Except in the headline there and as a necessary reference point in this article, I have never used the word “awesome,” and I don’t intend to start.
I’ve never called anyone a “sick puppy or a “happy camper,” either. On principle.
I first heard “awesome” being used in the “totally rad and bitchin’” sense back in the early 1980s, and I immediately disapproved with every fiber of my soul, not that my soul is particularly fibrous. I figured the word would die out soon after it started gaining traction as the argot of mentally challenged California burnouts and anacephalic Valley Girls more than 30 years ago.
I figured wrong. Instead of what I’d wished and hoped and dreamed for, the word “awesome” has spread like genital warts throughout the body politic. Not only do the young naive saplin’s of this world use it every other word (their other “every other word” is “like”), I think I may be the only English-speaking American of any age who has never used it.
It’s gotten to the point where I’ve heard people in their late sixties saying every fucking thing in their drab lives is “awesome.” They had an awesome slice of toast for breakfast. The weather today is awesome. It’s sometimes hard to be disciplined, so they think it’s really awesome that you get your oil changed every 3,000 miles.
NONE of those things are awesome! They are mundane—at best, only mildly pleasant. I enjoy an occasional slice of toast from time to time, but I’ve never had one that was remotely awesome.
Now, if the 7,000-foot bearded wrinkly face of Jehovah God were to split open the clouds and then address me by name in a booming, deep, testosterone-laden voice, THAT would be awesome—especially since I don’t believe in Jehovah God.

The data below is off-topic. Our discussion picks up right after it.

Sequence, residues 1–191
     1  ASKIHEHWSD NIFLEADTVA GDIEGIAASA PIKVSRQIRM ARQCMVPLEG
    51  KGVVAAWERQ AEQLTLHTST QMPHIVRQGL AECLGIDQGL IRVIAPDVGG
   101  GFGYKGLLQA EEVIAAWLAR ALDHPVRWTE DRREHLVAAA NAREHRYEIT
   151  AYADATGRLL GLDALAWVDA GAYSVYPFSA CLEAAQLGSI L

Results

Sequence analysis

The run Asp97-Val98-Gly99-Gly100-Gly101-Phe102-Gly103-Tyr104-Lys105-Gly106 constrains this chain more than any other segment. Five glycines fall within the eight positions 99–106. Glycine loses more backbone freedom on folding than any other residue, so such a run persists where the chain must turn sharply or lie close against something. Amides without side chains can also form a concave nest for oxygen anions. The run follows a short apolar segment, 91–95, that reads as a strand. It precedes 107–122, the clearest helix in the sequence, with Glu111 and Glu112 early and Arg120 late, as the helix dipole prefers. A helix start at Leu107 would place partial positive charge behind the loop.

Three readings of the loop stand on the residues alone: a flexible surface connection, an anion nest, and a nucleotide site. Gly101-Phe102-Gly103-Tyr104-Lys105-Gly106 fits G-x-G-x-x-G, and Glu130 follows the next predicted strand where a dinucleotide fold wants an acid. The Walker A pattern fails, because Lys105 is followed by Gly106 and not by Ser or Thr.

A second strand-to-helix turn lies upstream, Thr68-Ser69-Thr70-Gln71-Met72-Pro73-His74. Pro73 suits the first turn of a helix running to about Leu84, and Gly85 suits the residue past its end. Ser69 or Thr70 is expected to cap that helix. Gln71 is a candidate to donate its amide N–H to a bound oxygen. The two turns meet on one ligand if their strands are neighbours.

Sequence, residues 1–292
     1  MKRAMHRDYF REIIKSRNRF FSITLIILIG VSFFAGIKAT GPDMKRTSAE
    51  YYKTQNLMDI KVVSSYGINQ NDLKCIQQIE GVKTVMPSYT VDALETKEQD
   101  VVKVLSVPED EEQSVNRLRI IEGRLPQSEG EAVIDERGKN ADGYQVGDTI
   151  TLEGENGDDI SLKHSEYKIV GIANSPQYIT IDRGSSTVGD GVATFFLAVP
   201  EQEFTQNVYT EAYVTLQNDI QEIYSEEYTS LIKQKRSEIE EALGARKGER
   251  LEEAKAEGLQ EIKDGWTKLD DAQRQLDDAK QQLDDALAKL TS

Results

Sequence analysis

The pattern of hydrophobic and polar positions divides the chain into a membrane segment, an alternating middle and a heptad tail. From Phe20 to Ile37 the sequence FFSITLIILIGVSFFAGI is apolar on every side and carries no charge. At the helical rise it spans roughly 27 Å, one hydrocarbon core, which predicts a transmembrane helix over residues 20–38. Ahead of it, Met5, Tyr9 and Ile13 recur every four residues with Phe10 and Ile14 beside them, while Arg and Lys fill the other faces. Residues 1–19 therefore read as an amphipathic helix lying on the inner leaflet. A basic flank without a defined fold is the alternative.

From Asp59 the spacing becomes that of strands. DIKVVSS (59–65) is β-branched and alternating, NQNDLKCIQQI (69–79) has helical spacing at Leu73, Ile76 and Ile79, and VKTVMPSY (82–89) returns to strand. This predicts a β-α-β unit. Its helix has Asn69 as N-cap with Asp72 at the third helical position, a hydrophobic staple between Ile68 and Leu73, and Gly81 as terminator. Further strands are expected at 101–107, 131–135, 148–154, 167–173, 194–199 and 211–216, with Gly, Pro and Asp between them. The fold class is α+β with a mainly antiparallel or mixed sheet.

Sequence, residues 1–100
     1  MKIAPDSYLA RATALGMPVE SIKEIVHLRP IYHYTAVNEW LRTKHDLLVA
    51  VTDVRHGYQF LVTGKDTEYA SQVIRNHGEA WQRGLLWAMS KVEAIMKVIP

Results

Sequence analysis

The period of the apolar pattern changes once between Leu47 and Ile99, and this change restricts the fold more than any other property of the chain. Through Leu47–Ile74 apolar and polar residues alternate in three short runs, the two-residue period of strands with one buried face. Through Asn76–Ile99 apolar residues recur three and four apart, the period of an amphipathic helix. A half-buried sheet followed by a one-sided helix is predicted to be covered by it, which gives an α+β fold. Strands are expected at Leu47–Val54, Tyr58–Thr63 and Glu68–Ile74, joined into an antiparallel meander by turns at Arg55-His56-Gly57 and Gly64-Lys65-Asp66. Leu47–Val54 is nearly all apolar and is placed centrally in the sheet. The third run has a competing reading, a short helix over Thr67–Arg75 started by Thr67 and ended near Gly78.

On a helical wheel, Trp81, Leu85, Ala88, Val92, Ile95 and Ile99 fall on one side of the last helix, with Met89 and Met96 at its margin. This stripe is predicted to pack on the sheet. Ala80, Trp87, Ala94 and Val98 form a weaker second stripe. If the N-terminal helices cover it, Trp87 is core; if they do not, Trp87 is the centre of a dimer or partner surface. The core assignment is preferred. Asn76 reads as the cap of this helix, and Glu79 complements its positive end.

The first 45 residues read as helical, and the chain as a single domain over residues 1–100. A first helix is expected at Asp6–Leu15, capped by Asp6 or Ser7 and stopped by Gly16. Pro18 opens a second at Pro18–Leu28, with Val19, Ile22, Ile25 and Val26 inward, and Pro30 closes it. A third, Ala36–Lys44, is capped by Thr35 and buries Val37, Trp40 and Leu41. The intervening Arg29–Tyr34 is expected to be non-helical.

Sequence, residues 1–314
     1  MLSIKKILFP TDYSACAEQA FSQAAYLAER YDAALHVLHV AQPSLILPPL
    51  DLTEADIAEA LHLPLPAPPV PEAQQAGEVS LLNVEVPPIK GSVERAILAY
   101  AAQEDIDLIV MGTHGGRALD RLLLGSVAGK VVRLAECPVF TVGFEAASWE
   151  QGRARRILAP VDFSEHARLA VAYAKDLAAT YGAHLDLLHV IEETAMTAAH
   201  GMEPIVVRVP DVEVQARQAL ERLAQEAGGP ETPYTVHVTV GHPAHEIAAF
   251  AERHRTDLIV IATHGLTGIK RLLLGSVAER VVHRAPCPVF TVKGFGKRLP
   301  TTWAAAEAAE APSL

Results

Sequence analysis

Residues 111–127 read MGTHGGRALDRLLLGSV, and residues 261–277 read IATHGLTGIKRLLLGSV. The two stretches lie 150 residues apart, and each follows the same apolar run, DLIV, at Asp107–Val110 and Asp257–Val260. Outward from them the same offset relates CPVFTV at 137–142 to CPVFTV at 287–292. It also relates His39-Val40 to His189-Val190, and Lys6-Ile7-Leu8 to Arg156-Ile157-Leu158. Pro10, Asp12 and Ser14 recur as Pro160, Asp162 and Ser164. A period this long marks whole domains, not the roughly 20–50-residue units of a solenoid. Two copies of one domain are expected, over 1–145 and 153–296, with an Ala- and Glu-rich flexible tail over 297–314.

If aliens were to land on Earth and prove beyond a reasonable doubt that they can dance better than black people, I would likewise be awestruck.
But the salad you had at Golden Corral for lunch? NOT awesome.
The new Butter Pecan flavoring that Dunkin’ Donuts has for coffee? Nice, but again, not awesome.
The fact that your friend’s friend is going to visit their grandparents for the first time in 15 years? Decidedly unawesome.
You’ve diluted the meaning of “awesome” so that it means “average,” so now we’re going to have to recalibrate the entire language to find a word or phrase that packs the power of what “awesome” used to mean—scrumpdillyicious? Superfantabulous? Extra-tremendous? Ball-ticklingly wonderful?
Save the word “awesome” for the very few things in life that truly inspire awe—things such as death.